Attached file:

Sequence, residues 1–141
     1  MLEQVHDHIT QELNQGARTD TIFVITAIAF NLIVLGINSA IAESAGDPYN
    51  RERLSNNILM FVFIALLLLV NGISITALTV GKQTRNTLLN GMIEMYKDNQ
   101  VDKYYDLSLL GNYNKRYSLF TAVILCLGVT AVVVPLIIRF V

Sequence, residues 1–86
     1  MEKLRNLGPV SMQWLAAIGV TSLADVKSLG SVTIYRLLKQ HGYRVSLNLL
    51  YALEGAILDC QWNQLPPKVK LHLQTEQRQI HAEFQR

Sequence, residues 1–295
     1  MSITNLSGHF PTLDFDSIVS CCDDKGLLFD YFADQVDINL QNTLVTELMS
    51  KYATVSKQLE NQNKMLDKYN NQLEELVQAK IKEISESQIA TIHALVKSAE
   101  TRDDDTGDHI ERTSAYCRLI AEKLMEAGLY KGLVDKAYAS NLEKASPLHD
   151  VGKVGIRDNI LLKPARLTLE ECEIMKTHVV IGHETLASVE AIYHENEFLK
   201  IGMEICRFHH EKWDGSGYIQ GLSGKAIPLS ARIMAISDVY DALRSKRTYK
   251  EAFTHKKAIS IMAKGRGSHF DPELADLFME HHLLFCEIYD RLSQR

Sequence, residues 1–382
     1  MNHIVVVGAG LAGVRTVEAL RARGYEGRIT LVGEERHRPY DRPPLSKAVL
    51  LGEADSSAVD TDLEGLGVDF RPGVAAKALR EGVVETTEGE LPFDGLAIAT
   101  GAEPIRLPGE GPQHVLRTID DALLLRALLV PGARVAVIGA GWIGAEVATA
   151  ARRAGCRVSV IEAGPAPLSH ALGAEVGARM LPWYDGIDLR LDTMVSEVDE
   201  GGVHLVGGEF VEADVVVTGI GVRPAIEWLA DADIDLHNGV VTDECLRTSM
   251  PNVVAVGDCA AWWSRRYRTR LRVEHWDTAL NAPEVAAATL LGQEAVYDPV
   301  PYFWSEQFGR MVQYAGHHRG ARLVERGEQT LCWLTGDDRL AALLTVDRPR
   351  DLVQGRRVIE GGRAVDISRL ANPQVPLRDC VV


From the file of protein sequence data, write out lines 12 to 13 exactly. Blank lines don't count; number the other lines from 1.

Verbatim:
   151  VGKVGIRDNI LLKPARLTLE ECEIMKTHVV IGHETLASVE AIYHENEFLK
   201  IGMEICRFHH EKWDGSGYIQ GLSGKAIPLS ARIMAISDVY DALRSKRTYK